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MathGroup Archive 2001

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Re: 1. Input of screen coordinates; 2. Fast graphics

  • To: mathgroup at smc.vnet.net
  • Subject: [mg27003] Re: 1. Input of screen coordinates; 2. Fast graphics
  • From: Erich Mueller <emuelle1 at uiuc.edu>
  • Date: Tue, 30 Jan 2001 23:22:22 -0500 (EST)
  • Organization: University of Illinois at Urbana-Champaign
  • References: <94vs7q$oa9@smc.vnet.net> <95603s$3v@smc.vnet.net>
  • Sender: owner-wri-mathgroup at wolfram.com

An alternative to Raster is ListDensityPlot or DensityGraphics, as in

ListDensityPlot[Table[Random[],{i,10},{j,10}],ColorFunction->Hue,Mesh->False]

Note that if you don't turn off the mesh you will really slow down the
rendering.  This is really the same as using Raster, look at the above
expression with FullForm[Graphics[%]].

As for using Raster, if you don't need a custom palette, the following
construction is simpler

Show[Graphics[Raster[Table[Random[],{i,10},{j,10}],ColorFunction->Hue]]]

Erich


On 30 Jan 2001, Jens-Peer Kuska wrote:

> Hi,
> 
> I can't answer your first question, 
> 
> Look into the Raster[] outpur if you read a palette
> image (GIF's) The color function is a huge switch statment
> with the palette. in you case it may help
> but
> 
> yourPalette={3,5,67,255,196,...};
> Show[
> Graphics[
>   Raster[your600x600Array,ColorFunction->(Hue[yourPalette[[#]]/MaxColor]
> &)]
>  ]
> ]
> 
> Hope that helps
>   Jens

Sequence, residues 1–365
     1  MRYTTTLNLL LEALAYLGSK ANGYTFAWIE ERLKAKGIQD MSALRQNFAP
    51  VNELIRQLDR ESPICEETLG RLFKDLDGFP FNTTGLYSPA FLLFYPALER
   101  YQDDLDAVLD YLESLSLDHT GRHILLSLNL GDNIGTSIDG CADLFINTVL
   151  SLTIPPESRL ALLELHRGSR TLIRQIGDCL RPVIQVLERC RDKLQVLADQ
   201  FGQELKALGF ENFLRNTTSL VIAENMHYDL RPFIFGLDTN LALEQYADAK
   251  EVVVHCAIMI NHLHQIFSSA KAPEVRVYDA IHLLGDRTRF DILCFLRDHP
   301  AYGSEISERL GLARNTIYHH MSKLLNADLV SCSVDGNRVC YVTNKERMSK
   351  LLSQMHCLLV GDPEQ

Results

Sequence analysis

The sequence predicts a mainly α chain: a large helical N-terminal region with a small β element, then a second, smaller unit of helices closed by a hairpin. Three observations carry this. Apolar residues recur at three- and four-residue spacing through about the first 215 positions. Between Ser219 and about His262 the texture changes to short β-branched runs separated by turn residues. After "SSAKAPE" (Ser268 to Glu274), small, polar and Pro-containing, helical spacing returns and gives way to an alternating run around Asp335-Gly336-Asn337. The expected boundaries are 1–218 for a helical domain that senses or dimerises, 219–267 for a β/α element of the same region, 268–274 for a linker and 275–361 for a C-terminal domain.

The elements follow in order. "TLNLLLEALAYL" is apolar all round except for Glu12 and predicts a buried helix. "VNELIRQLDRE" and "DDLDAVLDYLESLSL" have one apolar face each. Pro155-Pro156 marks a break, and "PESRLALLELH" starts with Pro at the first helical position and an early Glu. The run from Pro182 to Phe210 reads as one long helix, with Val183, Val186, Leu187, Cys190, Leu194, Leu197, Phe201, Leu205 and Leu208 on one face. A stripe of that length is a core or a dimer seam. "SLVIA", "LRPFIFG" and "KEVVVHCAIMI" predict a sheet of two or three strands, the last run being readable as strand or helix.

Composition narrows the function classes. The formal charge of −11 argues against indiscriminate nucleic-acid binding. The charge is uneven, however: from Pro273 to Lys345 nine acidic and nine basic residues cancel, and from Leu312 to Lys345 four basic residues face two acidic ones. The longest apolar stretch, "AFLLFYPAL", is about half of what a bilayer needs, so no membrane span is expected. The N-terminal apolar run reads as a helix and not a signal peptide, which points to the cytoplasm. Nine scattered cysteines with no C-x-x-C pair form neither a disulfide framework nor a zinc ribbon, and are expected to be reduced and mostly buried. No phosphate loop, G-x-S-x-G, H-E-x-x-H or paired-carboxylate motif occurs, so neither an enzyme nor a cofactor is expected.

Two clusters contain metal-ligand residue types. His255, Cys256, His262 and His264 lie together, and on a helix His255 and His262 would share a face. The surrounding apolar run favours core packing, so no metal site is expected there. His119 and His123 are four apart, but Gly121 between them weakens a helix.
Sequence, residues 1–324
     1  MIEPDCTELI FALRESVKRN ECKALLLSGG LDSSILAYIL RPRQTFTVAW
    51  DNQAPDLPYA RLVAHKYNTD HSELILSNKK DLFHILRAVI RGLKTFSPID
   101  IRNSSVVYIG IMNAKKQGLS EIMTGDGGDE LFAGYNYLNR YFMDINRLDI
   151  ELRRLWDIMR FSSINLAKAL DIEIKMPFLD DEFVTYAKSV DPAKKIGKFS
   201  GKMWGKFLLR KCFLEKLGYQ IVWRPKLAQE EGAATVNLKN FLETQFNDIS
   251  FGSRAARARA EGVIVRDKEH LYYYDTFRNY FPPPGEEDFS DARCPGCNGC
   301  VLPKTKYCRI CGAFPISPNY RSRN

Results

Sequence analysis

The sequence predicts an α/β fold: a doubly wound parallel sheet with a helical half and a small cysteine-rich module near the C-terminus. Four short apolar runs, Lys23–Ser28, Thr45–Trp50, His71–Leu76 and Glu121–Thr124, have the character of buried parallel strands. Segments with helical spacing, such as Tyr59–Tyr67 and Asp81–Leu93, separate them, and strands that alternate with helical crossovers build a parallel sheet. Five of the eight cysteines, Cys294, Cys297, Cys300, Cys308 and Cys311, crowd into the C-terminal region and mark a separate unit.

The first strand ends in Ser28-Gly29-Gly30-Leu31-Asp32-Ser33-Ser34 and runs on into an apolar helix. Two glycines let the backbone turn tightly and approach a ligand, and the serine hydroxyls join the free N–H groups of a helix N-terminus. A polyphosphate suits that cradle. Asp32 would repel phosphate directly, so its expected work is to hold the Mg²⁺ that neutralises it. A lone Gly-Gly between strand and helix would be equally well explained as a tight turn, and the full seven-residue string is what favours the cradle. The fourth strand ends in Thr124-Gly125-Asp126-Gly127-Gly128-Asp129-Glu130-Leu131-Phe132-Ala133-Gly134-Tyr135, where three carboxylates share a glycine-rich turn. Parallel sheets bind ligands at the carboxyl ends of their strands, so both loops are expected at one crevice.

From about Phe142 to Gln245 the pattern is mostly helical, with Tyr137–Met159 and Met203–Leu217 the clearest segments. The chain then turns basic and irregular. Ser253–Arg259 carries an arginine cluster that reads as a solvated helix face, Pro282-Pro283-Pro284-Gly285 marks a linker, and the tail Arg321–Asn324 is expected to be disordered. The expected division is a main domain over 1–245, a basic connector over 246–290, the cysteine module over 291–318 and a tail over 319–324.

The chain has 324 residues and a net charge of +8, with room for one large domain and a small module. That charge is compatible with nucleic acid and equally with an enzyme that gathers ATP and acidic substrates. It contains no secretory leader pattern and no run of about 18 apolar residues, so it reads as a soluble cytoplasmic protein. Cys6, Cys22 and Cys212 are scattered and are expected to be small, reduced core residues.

> 
> > 2nd question - Suppose you have an array 600x600 of numbers (of colors) in
> > Mathematica and you want to get an image of a square (600x600 pixels),
> > each pixel having a color depending on the number in the corresponding
> > position of the array. (If Color is the array and MaxColor the maximum
> > element of the array, the color of pixel {x,y} could be given by
> > Graphics[Hue[Color[[x,y]]/MaxColor]]).
> >         Of course it is very easy to do that by appending instructions
> > Graphics[Hue[color[[x,y]]/MaxColor]], Graphics[Point[[x,y]]], ... and for
> > economy, if the color did not change, you may even suppress the color
> > instruction. This works for small arrays, but it takes a lot of computing
> > time if the array is big, e.g. 600x600.
> >         Is there a fast way of getting the picture?
> >         If not, I would consider saving the corresponding array to a
> > file and using another program to view the image. Any suggestion?
> > 
> >         Thanks in advance.
> > 
> >         Manuel Chaves
> 
> 


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